Thursday, February 16, 2012

Testing the Ontological Argument

I was speaking with a friend last night who was not very familiar with the modal ontological argument, and I decided to try something. I wanted to see how the argument would go over if I explained, in detail, each premise, to someone who was not already familiar with it. While there was undoubtedly some bumps in the road, I nevertheless felt that my particular view of it was vindicated: unless someone can show incoherency in the concept of a maximally-great being (MGB), then one is justified in affirming he exists. The following is an outline of our conversation, with occasional comments.

1. Possibly, MGB exists.
1a. An MGB is one who possesses all great-making properties.
1b. A great-making property is one that is better to have than to lack, for any being.
1c. The great-making property must be taken in a maximal way (i.e., knowledge of all propositions, or omniscience).
1d. One can affirm this possibility if he has at least one great-making property taken in a maximal way that it seems at least possibly exemplified, or if there is no incoherence in such a concept.

One who isn't already familiar with the argument, as my friend was not last night, will probably accept all of the above.

2. If possibly, MGB exists, then MGB exists in at least one possible world.
2a. A possible world is a maximal description of the way reality could be, encompassing all propositions or their negations in a consistent way.
2b. Anything that is possible, then, exists in a possible world.

Again, this should be uncontroversial for the hearer.

3. If MGB exists in a possible world, then MGB exists in all possible worlds.
3a. If any P is a great-making property, then MGB possesses it (from 1a).
3b. Necessary existence is a great-making property.
3c. Therefore, MGB possesses it.
3d. Necessary existence entails existence across all possible worlds.

4. If MGB exists in all possible worlds, then MGB exists in the actual world.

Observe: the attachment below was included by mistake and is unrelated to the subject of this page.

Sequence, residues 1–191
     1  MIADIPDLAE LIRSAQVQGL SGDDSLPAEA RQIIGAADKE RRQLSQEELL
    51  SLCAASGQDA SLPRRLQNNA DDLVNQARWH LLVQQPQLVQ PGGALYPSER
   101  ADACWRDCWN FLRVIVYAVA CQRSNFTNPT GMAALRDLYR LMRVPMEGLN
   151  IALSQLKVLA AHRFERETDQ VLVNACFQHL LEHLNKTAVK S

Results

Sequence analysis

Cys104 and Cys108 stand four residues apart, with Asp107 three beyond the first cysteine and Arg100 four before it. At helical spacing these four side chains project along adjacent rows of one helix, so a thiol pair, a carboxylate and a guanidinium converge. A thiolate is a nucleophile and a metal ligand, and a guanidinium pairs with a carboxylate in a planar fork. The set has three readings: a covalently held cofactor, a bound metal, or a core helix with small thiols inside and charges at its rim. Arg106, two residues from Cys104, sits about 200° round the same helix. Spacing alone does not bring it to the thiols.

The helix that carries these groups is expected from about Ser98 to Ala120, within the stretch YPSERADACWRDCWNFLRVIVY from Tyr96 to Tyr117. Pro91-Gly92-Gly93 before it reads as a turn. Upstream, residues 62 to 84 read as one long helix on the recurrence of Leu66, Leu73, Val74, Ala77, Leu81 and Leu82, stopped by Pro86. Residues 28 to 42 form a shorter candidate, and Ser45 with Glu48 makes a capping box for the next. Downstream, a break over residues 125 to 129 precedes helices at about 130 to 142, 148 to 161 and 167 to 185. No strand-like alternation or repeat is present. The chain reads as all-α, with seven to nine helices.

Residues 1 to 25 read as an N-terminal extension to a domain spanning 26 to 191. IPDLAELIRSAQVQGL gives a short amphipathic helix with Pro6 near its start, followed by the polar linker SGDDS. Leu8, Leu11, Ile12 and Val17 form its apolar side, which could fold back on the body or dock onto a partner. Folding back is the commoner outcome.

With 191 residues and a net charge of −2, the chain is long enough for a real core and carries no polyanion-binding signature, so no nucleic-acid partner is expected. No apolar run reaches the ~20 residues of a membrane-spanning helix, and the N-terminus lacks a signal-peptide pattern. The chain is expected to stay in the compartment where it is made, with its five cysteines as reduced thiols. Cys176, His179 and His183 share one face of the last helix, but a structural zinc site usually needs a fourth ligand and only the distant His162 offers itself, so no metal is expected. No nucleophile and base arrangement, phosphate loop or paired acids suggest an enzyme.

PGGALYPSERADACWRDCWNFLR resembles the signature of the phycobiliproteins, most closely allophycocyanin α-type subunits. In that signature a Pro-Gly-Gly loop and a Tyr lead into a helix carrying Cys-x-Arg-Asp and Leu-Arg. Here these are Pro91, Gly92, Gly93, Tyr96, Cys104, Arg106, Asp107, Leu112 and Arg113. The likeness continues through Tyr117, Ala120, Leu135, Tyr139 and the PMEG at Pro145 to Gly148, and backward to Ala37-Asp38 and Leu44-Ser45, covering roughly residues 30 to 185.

4a. The actual world is a possible world, else it would be impossible.

5. Therefore, the MGB exists in the actual world.
5a. Whatever is actual exists in reality.

6. Therefore, the MGB exists.
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  1. I think 2a is where it goes wrong. A possible world is a singular way reality could be. It does not include modalities, which require a set of possible worlds.

    Self-promotion: a more detailed working here:

  2. Hi Tony. :) I'm a bit confused by your objection, as (2a) is just the usual account of possible world semantics. I'm using "the way reality could be" to be synonymous with "state of affairs of reality," and thus it is a complete (full, or maximal) state of affairs of how reality could be. In any case, it should be uncontroversial that whatever is in a possible world is possible, and that if MGB is possible, it is in at least one possible world.

  3. A maximally great being is thought of all-loving, but is there a maximal degree of love? No matter how much God loves his creatures, can't we conceive of him loving them even more?

  4. Hey Kyle. :) It doesn't have to be "degree," but just a great-making property taken in a maximal way (which may or may not involve degrees). I think being loving in a maximal way entails that a) there is someone or something to love (implied Trinity argument, anyone?), and b) that for every other being X, X is loved by the all-loving being. So it's not that he loves to Y degree, or loves Z number of people, but that he loves everyone; there is no one he does not love. And love personally. I think that may well entail omniscience, for how can you love someone personally without knowing them? I can love humanity in general and feel love for the unsaved in Africa, but I cannot love a specific person in Africa in that scenario, for I know no one.


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